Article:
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10 Spanish words that don’t have equivalents in English

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8th December 2015

Emily Robertshaw

Here are our top 10 untranslatable Spanish phrases:

 

Duende

(Dwen-day)

A dark passion, soul or spiritual force expressed via various art forms, in flamenco performance for example

 

Consuegros

(Con-sway-grows)

mother-in-law or father-in-law of your son or daughter (co-parents-in-law)

 

Estrenar

(Es-tray-nar)

To try out something for the very first time, ie clothes

 

Mimoso/a

(Me-mow-sa)

Someone clingy and over-affectionate who likes to be spoilt and fussed over

 

Friolero

(Free-oh-lair-o)

A person who is especially sensitive to cold weather and temperatures

 

Vacilando

(Va-sil-an-dough)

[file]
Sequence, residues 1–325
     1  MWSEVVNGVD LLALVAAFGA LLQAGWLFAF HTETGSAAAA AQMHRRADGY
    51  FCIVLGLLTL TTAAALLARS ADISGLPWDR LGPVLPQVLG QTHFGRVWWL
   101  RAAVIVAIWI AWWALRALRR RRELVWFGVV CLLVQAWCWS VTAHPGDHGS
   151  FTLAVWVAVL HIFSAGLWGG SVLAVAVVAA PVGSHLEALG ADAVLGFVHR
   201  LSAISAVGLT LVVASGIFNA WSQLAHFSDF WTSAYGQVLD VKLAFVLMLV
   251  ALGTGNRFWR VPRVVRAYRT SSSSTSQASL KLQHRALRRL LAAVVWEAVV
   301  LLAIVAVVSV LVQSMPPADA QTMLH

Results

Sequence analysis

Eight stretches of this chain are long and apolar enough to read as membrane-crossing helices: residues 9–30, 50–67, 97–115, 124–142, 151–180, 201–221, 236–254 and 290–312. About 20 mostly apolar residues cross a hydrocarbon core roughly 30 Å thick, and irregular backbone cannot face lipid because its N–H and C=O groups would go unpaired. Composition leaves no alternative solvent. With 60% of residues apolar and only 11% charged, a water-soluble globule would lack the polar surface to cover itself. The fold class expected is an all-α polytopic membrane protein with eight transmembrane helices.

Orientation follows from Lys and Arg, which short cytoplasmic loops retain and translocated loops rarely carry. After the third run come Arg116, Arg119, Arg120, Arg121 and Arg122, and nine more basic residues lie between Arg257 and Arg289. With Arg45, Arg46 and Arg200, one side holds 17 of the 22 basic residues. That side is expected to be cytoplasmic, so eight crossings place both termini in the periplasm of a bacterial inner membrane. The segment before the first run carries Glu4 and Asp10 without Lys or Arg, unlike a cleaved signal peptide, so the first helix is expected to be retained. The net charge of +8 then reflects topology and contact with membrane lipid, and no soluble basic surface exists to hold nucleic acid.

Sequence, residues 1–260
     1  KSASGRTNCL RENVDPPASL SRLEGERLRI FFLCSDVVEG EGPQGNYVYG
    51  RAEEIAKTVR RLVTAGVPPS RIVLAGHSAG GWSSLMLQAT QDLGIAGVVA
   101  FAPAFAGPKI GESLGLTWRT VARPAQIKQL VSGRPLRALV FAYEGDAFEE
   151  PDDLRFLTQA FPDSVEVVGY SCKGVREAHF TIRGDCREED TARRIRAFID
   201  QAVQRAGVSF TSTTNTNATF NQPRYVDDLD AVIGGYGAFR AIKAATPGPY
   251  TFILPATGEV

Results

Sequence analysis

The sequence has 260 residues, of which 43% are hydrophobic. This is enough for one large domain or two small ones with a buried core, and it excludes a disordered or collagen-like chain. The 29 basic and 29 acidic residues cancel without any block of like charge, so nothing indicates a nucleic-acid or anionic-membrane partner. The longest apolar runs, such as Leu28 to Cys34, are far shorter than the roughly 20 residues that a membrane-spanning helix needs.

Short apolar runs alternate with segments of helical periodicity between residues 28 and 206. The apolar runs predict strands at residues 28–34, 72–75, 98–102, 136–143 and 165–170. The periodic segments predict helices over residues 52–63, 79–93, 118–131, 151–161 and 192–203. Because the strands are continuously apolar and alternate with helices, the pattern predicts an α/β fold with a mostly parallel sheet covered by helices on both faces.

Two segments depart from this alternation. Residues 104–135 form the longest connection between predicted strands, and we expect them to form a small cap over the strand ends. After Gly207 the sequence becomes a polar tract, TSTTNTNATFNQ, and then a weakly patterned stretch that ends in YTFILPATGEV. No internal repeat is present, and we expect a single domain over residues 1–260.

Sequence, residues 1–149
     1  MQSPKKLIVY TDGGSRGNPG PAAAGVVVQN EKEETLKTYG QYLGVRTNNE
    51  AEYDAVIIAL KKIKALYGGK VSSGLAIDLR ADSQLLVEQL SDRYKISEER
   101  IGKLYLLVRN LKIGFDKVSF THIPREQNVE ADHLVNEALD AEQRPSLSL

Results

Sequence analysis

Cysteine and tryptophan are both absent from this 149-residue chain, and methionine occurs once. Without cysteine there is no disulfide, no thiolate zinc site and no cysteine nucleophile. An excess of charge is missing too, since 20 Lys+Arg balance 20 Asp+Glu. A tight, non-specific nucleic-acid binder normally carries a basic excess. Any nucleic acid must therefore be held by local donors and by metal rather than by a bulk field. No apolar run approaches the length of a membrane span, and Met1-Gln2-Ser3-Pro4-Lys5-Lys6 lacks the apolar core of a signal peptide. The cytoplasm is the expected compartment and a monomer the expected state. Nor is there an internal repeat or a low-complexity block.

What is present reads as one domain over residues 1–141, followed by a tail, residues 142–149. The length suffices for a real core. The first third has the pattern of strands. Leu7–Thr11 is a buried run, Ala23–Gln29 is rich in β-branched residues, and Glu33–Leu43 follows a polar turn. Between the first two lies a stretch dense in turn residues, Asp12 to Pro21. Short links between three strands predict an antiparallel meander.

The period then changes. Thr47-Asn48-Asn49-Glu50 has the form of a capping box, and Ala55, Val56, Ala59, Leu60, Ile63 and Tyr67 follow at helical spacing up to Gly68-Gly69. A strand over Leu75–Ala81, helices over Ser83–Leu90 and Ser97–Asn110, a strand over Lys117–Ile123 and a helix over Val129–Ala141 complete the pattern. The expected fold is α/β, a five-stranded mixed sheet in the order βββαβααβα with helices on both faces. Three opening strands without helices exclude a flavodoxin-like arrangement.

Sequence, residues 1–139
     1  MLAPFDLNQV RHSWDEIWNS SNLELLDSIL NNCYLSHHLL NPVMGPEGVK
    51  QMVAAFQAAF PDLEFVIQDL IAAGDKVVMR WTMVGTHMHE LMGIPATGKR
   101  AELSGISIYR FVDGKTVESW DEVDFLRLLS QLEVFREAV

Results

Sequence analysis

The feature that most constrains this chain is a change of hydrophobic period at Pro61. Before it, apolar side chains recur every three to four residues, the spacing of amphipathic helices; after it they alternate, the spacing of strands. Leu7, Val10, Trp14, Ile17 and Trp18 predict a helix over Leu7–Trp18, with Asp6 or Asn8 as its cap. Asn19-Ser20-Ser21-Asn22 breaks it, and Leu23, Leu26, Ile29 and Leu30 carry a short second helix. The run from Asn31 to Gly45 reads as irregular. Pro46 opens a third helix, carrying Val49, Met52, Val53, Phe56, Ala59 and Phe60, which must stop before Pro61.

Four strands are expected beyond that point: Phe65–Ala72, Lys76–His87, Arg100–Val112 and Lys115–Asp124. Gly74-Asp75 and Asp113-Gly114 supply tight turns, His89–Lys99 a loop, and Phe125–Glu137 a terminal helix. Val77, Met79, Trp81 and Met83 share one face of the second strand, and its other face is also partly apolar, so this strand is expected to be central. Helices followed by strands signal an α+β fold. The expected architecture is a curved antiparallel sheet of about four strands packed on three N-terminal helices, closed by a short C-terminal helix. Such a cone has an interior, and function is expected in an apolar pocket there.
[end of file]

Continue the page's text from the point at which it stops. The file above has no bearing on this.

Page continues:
The act of wandering when the experience of travel is more important than reaching the specific destination

 

Sobremesa

(So-bray-may-sa)

The time spent after lunch or dinner talking to the people you shared the meal with

 

El de la Verguënza (the piece of shame)

(El de la Ver-gwen-sah)

This refers to the last tasty morsel of food left in the middle of the dinner table after a feast

 

Merendar

(May-ren-dah)

To have a snack/ go out for an afternoon snack

 

Empalagar

(Em-pa-lag-are)

To disgust with too much sweetness

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